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Thursday, July 23, 2015

Reader's Diary #1177- Paul Jenkins (Writer) and Andres Guinaldo (Art): Son of Hulk, Dark Son Rising

(Collects Son of Hulk #s 13-17)

Earlier this year my daughter noticed me reading World War Hulk: Frontline and, knowing that I was interested in the Hulk character but finding it hard to get into that particular book, went looking for another one for me for Father's Day. The result of that search was Son of Hulk, Dark Son Rising.

She didn't know, of course, that Hulk himself would not appear in these pages, but that was okay. I was more hesitant for the fact that it began with #13 in the Son of Hulk series. If I complained that Frontline was difficult to get into as a casual fan, surely staring at #13 wasn't going to me much easier.

That turns out not to have been much of a problem. Apparently issues #1-12 focused on one of Hulk's son's, Skaar, while the 13th marked the beginning focus on Skaar's twin brother, Hiro-Kala, so I didn't feel that I missed too much back story to understand this one on its own.

But it did have other problems for me. Hiro-Kala is a violent young man. Perhaps even crazy violent. He's hellbent on killing Galactus for having destroyed his home planet, and part of his mysterious plan for revenge involves destroying another planet, poisoning it, before Galactus consumes it. That planet's inhabitants be damned.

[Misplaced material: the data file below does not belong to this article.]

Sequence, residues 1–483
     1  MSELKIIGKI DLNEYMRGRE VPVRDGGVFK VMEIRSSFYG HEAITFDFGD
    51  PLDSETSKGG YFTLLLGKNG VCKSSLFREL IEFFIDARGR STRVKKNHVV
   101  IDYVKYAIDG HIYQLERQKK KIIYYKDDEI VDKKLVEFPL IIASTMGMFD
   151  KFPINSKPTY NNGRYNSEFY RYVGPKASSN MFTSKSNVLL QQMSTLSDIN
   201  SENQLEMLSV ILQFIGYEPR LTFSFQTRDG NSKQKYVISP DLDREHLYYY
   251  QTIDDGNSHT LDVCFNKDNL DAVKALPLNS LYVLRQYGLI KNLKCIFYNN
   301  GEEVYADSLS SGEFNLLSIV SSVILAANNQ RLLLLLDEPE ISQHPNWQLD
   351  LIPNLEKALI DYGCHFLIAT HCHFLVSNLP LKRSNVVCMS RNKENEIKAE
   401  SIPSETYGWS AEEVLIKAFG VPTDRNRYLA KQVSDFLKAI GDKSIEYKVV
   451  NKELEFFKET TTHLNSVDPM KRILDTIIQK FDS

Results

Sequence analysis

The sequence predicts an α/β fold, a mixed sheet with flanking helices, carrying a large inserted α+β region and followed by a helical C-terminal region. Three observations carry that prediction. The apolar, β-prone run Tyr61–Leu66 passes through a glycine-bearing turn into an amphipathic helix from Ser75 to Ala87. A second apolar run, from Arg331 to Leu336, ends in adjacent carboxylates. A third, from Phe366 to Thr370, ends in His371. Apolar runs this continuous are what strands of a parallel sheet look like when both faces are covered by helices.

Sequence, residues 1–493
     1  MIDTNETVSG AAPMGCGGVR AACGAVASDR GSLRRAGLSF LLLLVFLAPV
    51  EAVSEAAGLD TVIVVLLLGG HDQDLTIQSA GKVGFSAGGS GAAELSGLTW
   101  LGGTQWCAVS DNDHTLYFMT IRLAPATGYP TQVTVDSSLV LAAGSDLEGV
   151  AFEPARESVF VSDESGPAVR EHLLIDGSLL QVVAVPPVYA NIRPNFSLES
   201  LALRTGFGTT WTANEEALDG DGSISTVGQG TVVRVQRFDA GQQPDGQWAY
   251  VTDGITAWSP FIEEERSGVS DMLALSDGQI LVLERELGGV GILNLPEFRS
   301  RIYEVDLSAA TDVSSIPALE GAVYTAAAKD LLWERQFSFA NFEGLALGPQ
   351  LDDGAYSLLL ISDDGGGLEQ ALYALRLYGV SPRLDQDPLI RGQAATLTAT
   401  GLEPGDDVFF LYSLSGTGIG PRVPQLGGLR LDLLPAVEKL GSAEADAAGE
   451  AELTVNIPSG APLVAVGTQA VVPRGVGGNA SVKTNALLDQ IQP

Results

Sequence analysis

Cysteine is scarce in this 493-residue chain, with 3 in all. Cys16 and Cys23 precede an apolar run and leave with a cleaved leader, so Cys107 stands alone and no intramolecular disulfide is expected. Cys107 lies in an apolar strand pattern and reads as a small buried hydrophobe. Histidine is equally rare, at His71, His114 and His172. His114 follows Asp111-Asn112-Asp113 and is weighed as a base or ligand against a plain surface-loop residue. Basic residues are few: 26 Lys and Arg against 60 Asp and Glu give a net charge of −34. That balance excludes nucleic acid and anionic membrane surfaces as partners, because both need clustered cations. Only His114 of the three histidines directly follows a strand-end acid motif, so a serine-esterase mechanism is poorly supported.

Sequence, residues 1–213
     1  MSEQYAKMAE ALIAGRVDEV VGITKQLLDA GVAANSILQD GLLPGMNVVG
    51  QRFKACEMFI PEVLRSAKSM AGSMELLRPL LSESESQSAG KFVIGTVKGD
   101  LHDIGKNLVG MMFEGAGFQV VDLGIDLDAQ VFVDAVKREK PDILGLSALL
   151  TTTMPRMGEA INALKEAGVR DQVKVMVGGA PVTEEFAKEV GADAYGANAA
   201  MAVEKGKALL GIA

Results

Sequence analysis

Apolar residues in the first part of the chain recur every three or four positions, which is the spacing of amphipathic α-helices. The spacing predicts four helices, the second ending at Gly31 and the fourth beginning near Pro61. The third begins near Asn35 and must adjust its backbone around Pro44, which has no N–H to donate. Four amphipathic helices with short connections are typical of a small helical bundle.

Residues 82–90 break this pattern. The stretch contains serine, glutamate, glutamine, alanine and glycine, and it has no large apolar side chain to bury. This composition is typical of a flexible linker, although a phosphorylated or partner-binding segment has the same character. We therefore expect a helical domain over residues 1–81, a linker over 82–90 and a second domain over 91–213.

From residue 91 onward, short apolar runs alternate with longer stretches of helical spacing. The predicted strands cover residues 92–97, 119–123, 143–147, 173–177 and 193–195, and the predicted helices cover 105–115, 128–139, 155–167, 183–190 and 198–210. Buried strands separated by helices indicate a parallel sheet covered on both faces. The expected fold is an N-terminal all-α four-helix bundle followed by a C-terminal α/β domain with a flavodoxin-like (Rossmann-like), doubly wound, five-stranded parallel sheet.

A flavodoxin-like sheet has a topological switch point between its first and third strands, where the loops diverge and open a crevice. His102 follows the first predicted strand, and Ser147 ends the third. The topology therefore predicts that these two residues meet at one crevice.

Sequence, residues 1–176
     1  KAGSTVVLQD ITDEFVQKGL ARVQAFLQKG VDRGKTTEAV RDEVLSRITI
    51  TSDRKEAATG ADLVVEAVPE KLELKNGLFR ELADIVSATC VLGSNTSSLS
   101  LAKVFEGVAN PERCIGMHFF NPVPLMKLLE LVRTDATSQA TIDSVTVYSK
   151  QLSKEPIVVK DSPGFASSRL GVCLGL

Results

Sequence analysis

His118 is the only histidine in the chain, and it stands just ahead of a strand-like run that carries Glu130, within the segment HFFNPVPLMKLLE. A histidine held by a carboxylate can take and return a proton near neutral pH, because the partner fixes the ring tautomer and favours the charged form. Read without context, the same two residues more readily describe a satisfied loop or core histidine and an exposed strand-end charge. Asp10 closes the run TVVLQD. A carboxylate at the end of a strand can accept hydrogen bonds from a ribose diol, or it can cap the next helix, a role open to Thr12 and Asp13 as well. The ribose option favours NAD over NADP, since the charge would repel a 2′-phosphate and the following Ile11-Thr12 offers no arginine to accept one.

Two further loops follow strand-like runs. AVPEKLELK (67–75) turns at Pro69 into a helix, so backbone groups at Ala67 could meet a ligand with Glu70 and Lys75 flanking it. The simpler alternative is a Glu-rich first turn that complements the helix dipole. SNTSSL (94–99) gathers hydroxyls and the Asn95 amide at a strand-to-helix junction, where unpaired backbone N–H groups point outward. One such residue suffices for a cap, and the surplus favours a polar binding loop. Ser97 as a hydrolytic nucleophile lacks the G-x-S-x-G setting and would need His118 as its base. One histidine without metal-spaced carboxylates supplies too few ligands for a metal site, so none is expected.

No, Hiro-Kala isn't a likeable character. He may also be a bit on the crazy side, thinking he's a godthough he does get godlike powers, so maybe not completely crazy. I'm a little unclear about that stuff. He seems to have mastered control over something called the Old Power, which sounds a bit like the Force from Star Wars, and... well, anyway, it's strange and as I say, I didn't really understand it all.

I was also put off by all the angry violence. He's the son of Hulk, so you might wonder what I expected. Hulk's the big green rage monster, after all. But I'm starting to realize that what I've liked about the Hulk is the play with Bruce Banner, Hulk's calmer alter-ego. Banner provides balance. Hulk's Earth pals provide balance. But when there is no Banner and when every alien character seems to have been lifted from Frank Miller's 300, only interested in fighting and killing, it gets tiresome fast.

That said, there were some aspects I liked. I especially enjoyed the pseudo-Biblical tone of the book. As well, Guinaldo's art, while not particularly inventive, had a scratchy, classic semi-realistic style that lent to the air of mythical importance I think Jenkins was going for. That said, there's a bizarre amount of phallic imagery sprinkled throughout and I'm not sure what that was all about...

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